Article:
The Lawyer’s new China Elite report contains the most detailed research available on the PRC legal market and contains unparalleled insight into the country's leading law firms. They vary in size, practice focus and geographic coverage, but they all share one common quality – ambition... Read more
This year, The Lawyer’s annual ranking of the largest UK law firms by turnover is available as an interactive, digital benchmarking tool. For the first time this will allow you to manipulate each data set against the metrics of your choice.
The number firms at risk of collapsing as a result of market reforms such as the Carter Review and the Legal Services Act could be as high as 3,000.
That is one of the conclusions to be made tonight (Wednesday 21 March) in the inaugural lecture of Professor Stepen Mayson, director of the College of Law’s new Legal Services Policy Institute.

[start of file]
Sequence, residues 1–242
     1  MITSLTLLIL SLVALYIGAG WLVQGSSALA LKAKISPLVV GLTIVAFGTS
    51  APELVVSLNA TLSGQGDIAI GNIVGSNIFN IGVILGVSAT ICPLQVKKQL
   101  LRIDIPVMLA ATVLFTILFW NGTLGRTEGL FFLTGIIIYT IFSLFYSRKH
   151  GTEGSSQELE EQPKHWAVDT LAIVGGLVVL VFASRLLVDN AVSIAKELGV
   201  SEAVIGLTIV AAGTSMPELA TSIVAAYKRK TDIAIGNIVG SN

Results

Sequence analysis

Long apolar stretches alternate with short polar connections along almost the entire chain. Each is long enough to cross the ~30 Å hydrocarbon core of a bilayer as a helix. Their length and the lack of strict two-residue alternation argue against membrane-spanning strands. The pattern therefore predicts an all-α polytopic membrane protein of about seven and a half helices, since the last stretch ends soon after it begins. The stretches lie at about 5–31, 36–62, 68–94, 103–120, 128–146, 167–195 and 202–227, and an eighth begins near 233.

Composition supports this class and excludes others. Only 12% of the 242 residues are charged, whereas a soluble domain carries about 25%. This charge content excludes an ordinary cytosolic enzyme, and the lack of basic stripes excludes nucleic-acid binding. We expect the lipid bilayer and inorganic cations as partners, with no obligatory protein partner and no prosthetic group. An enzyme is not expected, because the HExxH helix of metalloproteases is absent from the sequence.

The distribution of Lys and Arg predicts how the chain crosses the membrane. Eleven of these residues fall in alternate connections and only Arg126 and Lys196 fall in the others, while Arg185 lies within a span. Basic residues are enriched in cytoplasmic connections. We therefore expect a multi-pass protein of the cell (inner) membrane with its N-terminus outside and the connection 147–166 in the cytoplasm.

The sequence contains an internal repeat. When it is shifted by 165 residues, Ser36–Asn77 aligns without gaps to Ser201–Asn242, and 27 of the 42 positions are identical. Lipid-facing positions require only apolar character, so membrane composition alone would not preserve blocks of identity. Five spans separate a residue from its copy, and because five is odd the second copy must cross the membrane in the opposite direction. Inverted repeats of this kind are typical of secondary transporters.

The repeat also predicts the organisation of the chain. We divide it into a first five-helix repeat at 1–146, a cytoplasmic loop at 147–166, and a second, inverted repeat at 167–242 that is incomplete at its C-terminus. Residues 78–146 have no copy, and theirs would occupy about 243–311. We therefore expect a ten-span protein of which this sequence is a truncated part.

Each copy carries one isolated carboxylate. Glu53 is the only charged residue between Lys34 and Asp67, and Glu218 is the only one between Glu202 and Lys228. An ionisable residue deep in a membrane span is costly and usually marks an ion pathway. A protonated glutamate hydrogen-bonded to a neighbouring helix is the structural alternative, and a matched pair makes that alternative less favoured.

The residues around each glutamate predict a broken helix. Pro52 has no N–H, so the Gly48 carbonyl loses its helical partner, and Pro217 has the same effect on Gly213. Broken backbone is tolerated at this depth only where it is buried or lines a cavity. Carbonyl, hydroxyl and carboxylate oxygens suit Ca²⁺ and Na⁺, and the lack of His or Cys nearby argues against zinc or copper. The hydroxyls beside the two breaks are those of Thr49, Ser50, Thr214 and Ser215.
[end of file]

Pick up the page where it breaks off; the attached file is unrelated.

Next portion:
Mayson believes that a substantial number of smaller, primarily legal aid-funded firms, will disappear over the next few years as the reformss come into effect.
Such consolidation must be carefully managed, Mayson will argue, but it will be ultimately in the interests of a more cost-effective legal services market as new and more efficient providers emerge.
Mayson will also argue that among larger firms, “the strains of the partnership model” have begun to show.
“My diagnosis is that we have too many qualified lawyers, too many law firms and too many equity partners,” Mayson said. “but we’re in a market that is still growing in value.”
The Legal Services Policy Institute was established earlier this year to explore the policy issues raised by the reforms with interested parties.
Tonight’s lecture before an audience of managing partners, clients and regulatory bodies will be followed by a panel discussion featuring, among others, Law Society president Fiona Woolf, chairman of the bar Geoffrey Vos QC and National Grid group company secretary Helen Mahy.